Chapter 7 - BSC 1010 Dr. Presley Chapter 7 CELLS HARVEST...

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BSC 1010 Dr. Presley Chapter 7 CELLS HARVEST CHEMICAL ENERGY Cells produce energy Review material from Chapter 6 Notes on energy and energy conversions Types of metabolism: catabolism and anabolism ATP is used to drive cellular work The recycling of ATP (Fig 6.6 on page 112) Active muscle cells use 10 million ATPs per second Ways cells make ATP: Phosphorylation - addition of phosphate group to compound. ADP + P i + energy —> ATP types: substrate- , oxidative- , photophosphorylation occurs in cytosol, mitochondrial matrix, stroma of chloroplast Chemiosmosis - occurs on inner mitochondrial membrane, thylakoid membrane of the chloroplast (Chapter 8) coenzymes and cytochromes provide energy to pump protons across membrane creating an electro-chemical gradient process in which energy is released when protons move along a gradient resulting in synthesis of ATP HOW DO CELLS USE ENERGY STORED IN FOOD TO MAKE ATP? Metabolic pathways - many steps are involved in the energy conversion in order to release only small units of energy along these steps instead of one big burst - controlled by specific enzymes with allosteric regulation - these metabolic pathways are similar in all organisms - Bomb calorimeter is an instrument which can oxidize glucose with an explosive release of a large amount of energy all at once (i.e. highly exergonic with a ΔG = -686 kcal/mol.). A single release of this much energy from glucose could not be managed by the cell at one time. The living system will release the stored energy in the chemical bonds of glucose in small amounts during a sequence of enzymatically controlled steps. These small amounts of energy released are of manageable quantities for the cell to handle. - the transfer of electrons can provide energy during chemical reactions - complete breakdown of glucose required the presence of oxygen gas and involves the four following steps: glycolysis, and the three steps of cellular respiration: pyruvate oxidation (transition reaction), Krebs Cycle, Respiratory Chain (electron transport system) See Figure 7.5 a, p. 128 - incomplete breakdown of glucose occurs when oxygen gas is not available and involves the two following steps: glycolysis and fermentation (alcoholic or lactate) See Figure 7.5 b, p. 128 - both prokaryotic and eukaryotic cells can perform this energy conversion, - Note the location of the metabolic processing in each cell type. - Study Table 7.1 on page 128 - Oxidation-reduction reactions (redox reactions) Study Fig. 7.2, p. 127 - these reactions transfer electron(s) from one reactant to another - this chemical conversion also involves changes in energy *Oxidation = loss of electrons (or Hydrogen atom) from a substance *Reduction = gain of electrons (or Hydrogen atom) by a substance - the electron donor is called the reducing agent and will become oxidized - the electron acceptor is called the oxidizing agent and will become reduced **because oxygen is so electronegative, it is a powerful oxidizing agent, note that as it becomes reduced by the addition of electrons, protons will also flow often resulting in the formation of water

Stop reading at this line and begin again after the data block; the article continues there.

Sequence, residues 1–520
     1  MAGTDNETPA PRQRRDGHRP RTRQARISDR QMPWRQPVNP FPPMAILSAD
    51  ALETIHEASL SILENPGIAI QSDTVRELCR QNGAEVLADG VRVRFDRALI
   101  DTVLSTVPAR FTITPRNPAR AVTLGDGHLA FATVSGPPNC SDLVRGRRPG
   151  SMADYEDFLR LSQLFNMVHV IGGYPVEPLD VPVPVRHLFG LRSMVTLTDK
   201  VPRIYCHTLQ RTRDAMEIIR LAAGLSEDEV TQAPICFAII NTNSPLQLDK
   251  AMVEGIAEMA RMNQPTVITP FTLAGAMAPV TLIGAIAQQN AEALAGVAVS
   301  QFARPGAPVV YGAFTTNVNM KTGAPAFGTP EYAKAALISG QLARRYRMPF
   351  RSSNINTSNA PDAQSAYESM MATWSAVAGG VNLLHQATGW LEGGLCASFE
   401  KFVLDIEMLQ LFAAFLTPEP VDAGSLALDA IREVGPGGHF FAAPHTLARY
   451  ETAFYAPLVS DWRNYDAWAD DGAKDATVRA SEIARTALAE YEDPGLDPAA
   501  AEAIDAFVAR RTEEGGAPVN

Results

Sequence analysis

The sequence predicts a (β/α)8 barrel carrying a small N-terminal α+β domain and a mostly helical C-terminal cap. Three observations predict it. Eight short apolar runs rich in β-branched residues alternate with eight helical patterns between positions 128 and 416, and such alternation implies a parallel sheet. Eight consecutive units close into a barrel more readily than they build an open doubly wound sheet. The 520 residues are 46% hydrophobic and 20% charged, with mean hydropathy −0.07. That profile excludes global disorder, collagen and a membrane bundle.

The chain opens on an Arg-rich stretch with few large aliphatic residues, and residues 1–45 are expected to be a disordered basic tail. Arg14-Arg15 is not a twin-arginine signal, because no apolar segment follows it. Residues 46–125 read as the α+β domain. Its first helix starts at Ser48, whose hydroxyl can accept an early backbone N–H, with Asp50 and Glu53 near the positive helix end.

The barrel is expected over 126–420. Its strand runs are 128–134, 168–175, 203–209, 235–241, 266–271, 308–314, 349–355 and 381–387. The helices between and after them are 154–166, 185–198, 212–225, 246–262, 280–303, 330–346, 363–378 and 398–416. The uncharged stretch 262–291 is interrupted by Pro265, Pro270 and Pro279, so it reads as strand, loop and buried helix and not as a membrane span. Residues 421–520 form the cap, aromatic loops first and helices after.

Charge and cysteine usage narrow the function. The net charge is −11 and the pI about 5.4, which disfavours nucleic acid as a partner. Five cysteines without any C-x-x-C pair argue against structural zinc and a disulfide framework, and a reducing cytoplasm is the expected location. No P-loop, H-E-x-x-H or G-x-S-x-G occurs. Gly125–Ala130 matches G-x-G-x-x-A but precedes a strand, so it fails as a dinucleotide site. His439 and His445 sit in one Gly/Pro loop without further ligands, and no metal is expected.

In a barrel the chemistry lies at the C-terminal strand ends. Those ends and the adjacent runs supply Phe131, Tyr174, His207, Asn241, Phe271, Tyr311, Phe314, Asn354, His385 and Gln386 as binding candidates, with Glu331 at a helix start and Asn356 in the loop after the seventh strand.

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Chapter 7 - BSC 1010 Dr. Presley Chapter 7 CELLS HARVEST...

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